By Martin Hook, Managing Director, Alma Consulting Group
We expect the Chancellor may choose to announce that the mainstream Corporation Tax rate will be reduced by a further one per cent to 20 per cent from April 2015, which will align it with the small companies rate.
There is a slim chance of a further acceleration in this decrease in rate taking place, given the current environment and the fact that the 21 per cent rate, which is effective from April next year, was mentioned in the Autumn Statement in December.
We support this move as it acts as a clear sign that the UK is a business-friendly and highly competitive place for companies to operate in. We anticipate this action will help to further build up our businesses and enable even more innovation to take place on UK soil.
The ultimate alignment of the headline Corporation Tax rate with the small companies rate would also contribute to the policy aim of reducing complexity by removing the need for marginal relief calculations. This will undoubtedly provide much-needed transparency to businesses as it will clearly demonstrate the value of the reliefs they are claiming.”
It is highly likely that the need for stringent measures to further clamp down on aggressive tax avoidance will be a key focus of the 2013 Budget. The GAAR (General Anti Abuse Rule) has already been drafted and is due to kick in later this year however, we may see minor changes to this legislation together with further smaller measures aimed at businesses and individuals.
We welcome the introduction of the GAAR as well as other measures aimed at stamping out illegitimate tax planning. We hope the GAAR will provide businesses with greater clarity and certainty on legitimately managing their taxes without having to fear the political reprisals experienced by the likes of Amazon and Starbucks.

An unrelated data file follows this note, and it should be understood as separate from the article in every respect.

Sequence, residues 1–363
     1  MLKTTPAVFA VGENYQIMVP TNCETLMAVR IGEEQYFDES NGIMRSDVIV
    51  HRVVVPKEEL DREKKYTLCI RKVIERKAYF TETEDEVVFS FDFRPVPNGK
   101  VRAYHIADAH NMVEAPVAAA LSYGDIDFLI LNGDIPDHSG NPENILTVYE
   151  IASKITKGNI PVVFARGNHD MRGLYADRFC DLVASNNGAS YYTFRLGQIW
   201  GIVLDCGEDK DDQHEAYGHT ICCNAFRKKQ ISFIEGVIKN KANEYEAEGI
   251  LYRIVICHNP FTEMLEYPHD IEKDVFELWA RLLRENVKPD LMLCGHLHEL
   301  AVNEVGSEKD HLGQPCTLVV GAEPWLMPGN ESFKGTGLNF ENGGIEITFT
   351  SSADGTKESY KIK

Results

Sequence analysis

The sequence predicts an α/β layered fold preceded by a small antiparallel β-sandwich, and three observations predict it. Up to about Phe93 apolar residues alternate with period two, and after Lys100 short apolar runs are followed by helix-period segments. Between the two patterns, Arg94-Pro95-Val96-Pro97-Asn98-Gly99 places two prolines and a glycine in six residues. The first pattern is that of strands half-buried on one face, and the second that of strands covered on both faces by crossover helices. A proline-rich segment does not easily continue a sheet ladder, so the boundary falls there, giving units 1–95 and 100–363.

In particular, with the R&D Tax Relief and R&D Expenditure Credit schemes both running until 2016, businesses need to seek expert advice on which scheme is most suitable for them.
As with most areas of tax legislation, there are complexities and potential pitfalls that deter legitimate claimants from claiming what they are entitled to. However, with other areas of tax on a downward trend in terms of generosity, we predict that R&D reliefs and the Patent Box will become even more valuable eligible companies.
We wholeheartedly welcome the introduction of tax reliefs for the creative sector. The UK is internationally recognised as a leader in the field of video games and television and film production as a result of it being ‘home’ to the likes of Downton Abbey, James Bond and Tomb Raider.
Tax relief schemes are key to helping keep these industries within the UK and enable them to continue to push the boundaries of technology.
However, we are disappointed to see that the high-end television tax relief is only available for programmes that cost £1million per hour or more. Our experience of working with start-up businesses within the technology sector has enabled us to appreciate just how important tax credits can be to support and develop exciting new talent.
We are concerned the restriction will exclude smaller businesses from the relief. As unlikely as it seems, we hope the Chancellor looks to address this issue within the 2014 Budget by introducing a reduction in this limit.
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